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So while working on some physics problem for differential equations, I landed at this weird integral $$ \int \frac 1 {\sqrt{1-\left(\frac 2x\right)}}\,dx $$

So since there is a square root, I thought I could use trig substitution, but I couldn't find anything that works out. How can one solve this integral in a nice simple manner? If you can solve it in a different way, it is still fine. $Thank$ $you!$ This is the answer given to me by symbolab $$ 4\left(-\frac{1}{4\left(\sqrt{1-\frac{2}{x}}-1\right)}-\frac{1}{4\left(\sqrt{1-\frac{2}{x}}+1\right)}-\frac{1}{4}\ln \left|\sqrt{1-\frac{2}{x}}-1\right|+\frac{1}{4}\ln \left|\sqrt{1-\frac{2}{x}}+1\right|\right)+C $$

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HINT:

Make the substitution $x=2\sec^2(\theta)$ and arrive at

$$4\int \sec^3(\theta)\,d\theta$$

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  • $\begingroup$ Why did this receive a down vote? Would the down voter care to state a reason? $\endgroup$
    – Mark Viola
    Feb 18 '16 at 21:09
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$u=\sqrt{1-\frac{2}{x}} \implies u^2=1-\frac{2}{x} \implies 2u du=\frac{2}{x^2} dx \implies du=\frac{1}{x^2} \frac{1}{u} dx \implies du=\frac{1}{x^2} \frac{1}{\sqrt{1-\frac{2}{x}}} dx \text{ So now back to the integral } \int \frac{1}{\sqrt{1-\frac{2}{x}}}dx=\int \frac{x^2}{x^2 \sqrt{1-\frac{2}{x}}}dx \\ \text{ now putting in the sub } \int (\frac{2}{1-u^2})^2 du \text{ Note: I solve for }x^2 \text{ from my sub to plug in also } \\ \text{ That is I solved } u^2=1-\frac{2}{x} \text{ for } x \text{ then squared result } \\ \text{ Then you can do partial fractions. } $

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Adding to Dr. MV's hint, $$\int\frac{1}{\sqrt{1-\frac2x}}\ \mathrm dx=\int\frac{\sqrt x}{\sqrt{x-2}}\ \mathrm dx$$ Using trigonometric substitution, we have $$\sqrt x=\sqrt 2\sec\phi$$ Which implies that $$x=2\sec^2\phi\Rightarrow \mathrm dx=4\tan\phi\sec^2\phi\ \mathrm d\phi$$ So now the integral becomes $$\int\frac{4\sqrt 2\tan\phi\sec^3\phi}{\sqrt{2\sec^2\phi-2}}\ \mathrm d\phi$$ $$=4\int\frac{\tan\phi\sec^3\phi}{\sqrt{\sec^2\phi-1}}\ \mathrm d\phi$$ $$=4\int\frac{\tan\phi\sec^3\phi}{\sqrt{\tan^2\phi}}\ \mathrm d\phi$$ $$=4\int\sec^3\phi\ \mathrm d\phi$$ This integral has been answered numerous times. Study this to see how the following solution is derived. $$2\sec\phi\tan\phi+2\ln\left|\sec\phi+\tan\phi\right|+C$$ Now let's get an answer in terms of $x$. Note that $$\sqrt x=\sqrt 2\sec\phi\Rightarrow\phi=\mathrm{arcsec}\left(\frac{\sqrt x}{\sqrt 2}\right)$$ And $$ \tan\left(\mathrm{arcsec}(x)\right)=\sqrt{x^2-1}$$ Therefore $$\frac{2\sqrt x}{\sqrt 2}\tan\left(\mathrm{arcsec}\left(\frac{\sqrt x}{\sqrt 2}\right)\right)+2\ln\left|\frac{\sqrt x}{\sqrt 2}+\tan\left(\mathrm{arcsec}\left(\frac{\sqrt x}{\sqrt 2}\right)\right)\right|+C$$ $$=\sqrt{x^2-2x}+2\ln\left|\sqrt{x-2}+\sqrt x\right|+C$$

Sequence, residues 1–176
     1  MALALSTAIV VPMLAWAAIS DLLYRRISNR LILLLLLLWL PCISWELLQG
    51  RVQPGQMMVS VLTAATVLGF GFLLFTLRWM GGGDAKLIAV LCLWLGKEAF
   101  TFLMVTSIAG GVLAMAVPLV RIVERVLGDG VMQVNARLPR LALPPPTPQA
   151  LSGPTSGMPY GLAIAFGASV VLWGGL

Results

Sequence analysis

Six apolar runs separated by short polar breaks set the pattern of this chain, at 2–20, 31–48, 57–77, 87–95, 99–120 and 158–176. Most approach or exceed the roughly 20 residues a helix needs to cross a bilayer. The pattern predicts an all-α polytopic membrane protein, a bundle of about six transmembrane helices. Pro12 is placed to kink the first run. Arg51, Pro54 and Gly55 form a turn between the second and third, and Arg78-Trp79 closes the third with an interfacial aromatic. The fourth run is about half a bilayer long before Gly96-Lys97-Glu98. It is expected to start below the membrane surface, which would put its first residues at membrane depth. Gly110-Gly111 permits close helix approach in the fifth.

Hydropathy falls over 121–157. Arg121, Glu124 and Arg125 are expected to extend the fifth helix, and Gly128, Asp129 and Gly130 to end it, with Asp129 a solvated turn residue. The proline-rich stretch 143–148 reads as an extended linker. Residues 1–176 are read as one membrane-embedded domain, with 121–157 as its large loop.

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  • $\begingroup$ No its fine I know the rest. Thank you! $\endgroup$
    – Michael
    Feb 16 '16 at 12:21
  • $\begingroup$ @Michael, glad I could help. $\endgroup$
    – k170
    Feb 16 '16 at 14:26
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Some hints

First of all, simple, thing, just rewrite the integrand this way

$$\frac{1}{\sqrt{\frac{x-2}{x}}}$$

Then substitute

$$y = \frac{x-2}{x} ~~~~~~~ \text{d}y = \frac{1}{x} - \frac{x-2}{x^2}\ \text{d}x$$

You're now with

$$2\int \frac{1}{(1 + y^2)\sqrt{y}}\ \text{d}y$$

And for this one, use

$$z = \sqrt{y} ~~~~~~~ \text{d}z = \frac{1}{2\sqrt{y}}\ \text{d}y$$

and your integral is now:

$$4\int \frac{1}{(1 - z^2)^2}\ \text{d}z$$

which is easily solvable by partial fractions:

$$\frac{1}{(1 - s^2)^2} = \frac{1}{4(z+1)} + \frac{1}{4(z+1)^2} - \frac{1}{4(z-1)} + \frac{1}{4(z-1)^2}$$

Split and do the easy integrals.

Final Result

$$x\sqrt{\frac{x-2}{x}} - \ln\left(\sqrt{\frac{x-2}{x}} - 1\right) + \ln\left(\sqrt{\frac{x-2}{x}} + 1\right) + C$$

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    $\begingroup$ It seems to me that rewriting $1-\frac2x$ as $\frac{x-2}x$ complicates the problem rather than simplifying it. Among other things, isn't it easier to write $\text dy = \frac2{x^2}\ \text dx$ instead of $\text dy = \frac1x - \frac{x-2}x\ \text dx$? $\endgroup$
    – Théophile
    Feb 16 '16 at 20:03

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